Smart meters offer many advantages over conventional meters, including better user experience, increased discom efficiencies and revenue realisation. They also potentially have a positive domino impact across the power value chain in terms of better financial health. States/Utilities that have installed smart meters have reaped several benefits. For instance, the average monthly revenue of Bihar discoms increased by 41.03 per cent after it installed smart meters. Similarly, Uttar Pradesh discoms and NDMC have recorded an increase in their monthly revenue by 6-20 per cent. The average monthly gain per meter to discoms stood at around Rs 225, whereas EESL/IntelliSmart charges stood in the range of Rs 75-110 per month per meter, resulting in immense benefits to discoms.
The billing and collection efficiency of discoms has also seen a measurable increase post smart meter implementation. For instance, in Uttar Pradesh, after the installation of smart meters, the billing efficiency recorded an increase from 78 per cent to 98 per cent and the collection efficiency increased from 79 per cent to 112 per cent. Similarly, in Haryana, the billing efficiency increased from 78.5 per cent to 94.2 per cent and in Bihar, the billing efficiency and collection efficiency increased from 69.3 per cent to 96.25 per cent and 92 per cent to 100 per cent respectively. The billing efficiency by NDMC recorded an increase from 89.7 per cent to 96 per cent.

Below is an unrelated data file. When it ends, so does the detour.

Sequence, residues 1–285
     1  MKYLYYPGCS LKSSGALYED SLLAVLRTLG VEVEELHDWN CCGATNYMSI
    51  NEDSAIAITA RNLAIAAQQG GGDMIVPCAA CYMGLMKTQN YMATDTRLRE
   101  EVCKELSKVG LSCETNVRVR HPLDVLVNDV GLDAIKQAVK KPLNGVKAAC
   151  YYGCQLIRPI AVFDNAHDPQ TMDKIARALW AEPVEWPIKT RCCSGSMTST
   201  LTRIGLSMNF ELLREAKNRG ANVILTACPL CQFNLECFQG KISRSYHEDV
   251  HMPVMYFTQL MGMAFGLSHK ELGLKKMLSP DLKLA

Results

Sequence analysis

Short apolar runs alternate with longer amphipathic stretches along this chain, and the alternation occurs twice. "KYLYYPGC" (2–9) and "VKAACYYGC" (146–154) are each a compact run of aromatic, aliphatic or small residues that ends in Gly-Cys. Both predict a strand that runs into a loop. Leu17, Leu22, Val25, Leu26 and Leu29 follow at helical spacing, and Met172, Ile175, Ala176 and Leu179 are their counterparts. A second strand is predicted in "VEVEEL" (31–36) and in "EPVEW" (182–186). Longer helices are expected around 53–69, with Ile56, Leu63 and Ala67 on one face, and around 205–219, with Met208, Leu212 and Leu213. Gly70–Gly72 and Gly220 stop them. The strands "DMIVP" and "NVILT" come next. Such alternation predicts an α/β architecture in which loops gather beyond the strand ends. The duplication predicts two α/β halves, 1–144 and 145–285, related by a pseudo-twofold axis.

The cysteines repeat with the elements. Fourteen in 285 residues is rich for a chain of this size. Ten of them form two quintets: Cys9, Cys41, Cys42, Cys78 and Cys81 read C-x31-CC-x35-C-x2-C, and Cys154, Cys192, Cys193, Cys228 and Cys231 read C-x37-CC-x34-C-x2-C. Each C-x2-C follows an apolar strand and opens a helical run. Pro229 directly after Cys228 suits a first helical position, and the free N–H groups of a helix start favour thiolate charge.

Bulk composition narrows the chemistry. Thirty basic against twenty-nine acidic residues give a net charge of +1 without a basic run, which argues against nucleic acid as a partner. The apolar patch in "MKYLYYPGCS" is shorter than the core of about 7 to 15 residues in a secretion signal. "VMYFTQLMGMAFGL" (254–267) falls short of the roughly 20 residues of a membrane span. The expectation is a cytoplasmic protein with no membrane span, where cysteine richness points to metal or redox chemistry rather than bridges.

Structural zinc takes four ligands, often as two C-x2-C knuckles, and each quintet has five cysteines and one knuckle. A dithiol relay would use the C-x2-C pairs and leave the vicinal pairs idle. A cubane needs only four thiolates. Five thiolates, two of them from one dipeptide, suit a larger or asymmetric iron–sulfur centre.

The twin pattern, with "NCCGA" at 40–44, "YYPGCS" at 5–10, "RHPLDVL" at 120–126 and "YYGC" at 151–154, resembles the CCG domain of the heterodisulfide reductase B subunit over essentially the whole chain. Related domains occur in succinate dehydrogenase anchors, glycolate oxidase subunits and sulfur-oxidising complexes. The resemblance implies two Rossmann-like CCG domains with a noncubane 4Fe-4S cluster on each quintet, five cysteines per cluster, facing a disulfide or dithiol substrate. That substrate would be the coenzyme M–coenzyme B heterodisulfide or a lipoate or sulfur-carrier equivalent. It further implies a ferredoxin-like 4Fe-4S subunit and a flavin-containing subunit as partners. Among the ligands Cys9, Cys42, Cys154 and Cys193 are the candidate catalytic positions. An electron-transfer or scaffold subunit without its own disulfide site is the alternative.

Smart meters gave an upper hand to utilities during the Covid-induced lockdown, when conventional billing and collection routes could not be followed. During the lockdown, the billing efficiency in areas with smart meters stood at 95 per cent as against 71 per cent provisional billing in non-smart meter areas during the first wave. Billing efficiency increased further to 98 per cent during the second wave in areas where smart meters have been deployed. Meanwhile, during March-April 2021, the revenue collection from Bihar discoms increased 12 per cent in smart meter areas, whereas it came down by 30 in non-smart meter areas. In the current times of Covid-19, when there is no physical interface between discoms and customers, the smart metering programme has assumed greater importance, as it enables two-way communication between customers and discoms.
Issues and challenges
A key issue faced during the implementation of smart meters is that all associated processes, from meter reading to billing and payment have to be automated. Currently, utilities have these processes on separate platforms and it is a challenge to bring them together on to a single standard platform. These challenges can be overcome with the use of right technologies. Other challenges in rolling out smart meters are cybersecurity and component shortage due to Covid impact, leading to an impact on the meter supply. Further, there are issues pertaining to interoperability, integration of legacy billing system and manpower training in the near future.
Given how smart meters have especially benefited utilities during the pandemic when physical meter reading and billing have not been possible due to the lockdown, the central government has decided to switch to smart prepaid meters over the next three years. Along with improved billing and collection efficiency, discoms have benefited from improved operational and financial parameters such as improved and readily available working capital, increased on-time payment by consumers and reduction in disputes with respect to billing errors and provisional bills. Needless to say, smart prepaid meters are the future and the most critical element in improving the distribution sector in the country. n
Based on the presentation and remarks by Anil Rawal, Chief Executive Officer, IntelliSmart Infrastructure, at a recent “Metering in India” videoconference, organised by Smart Utilities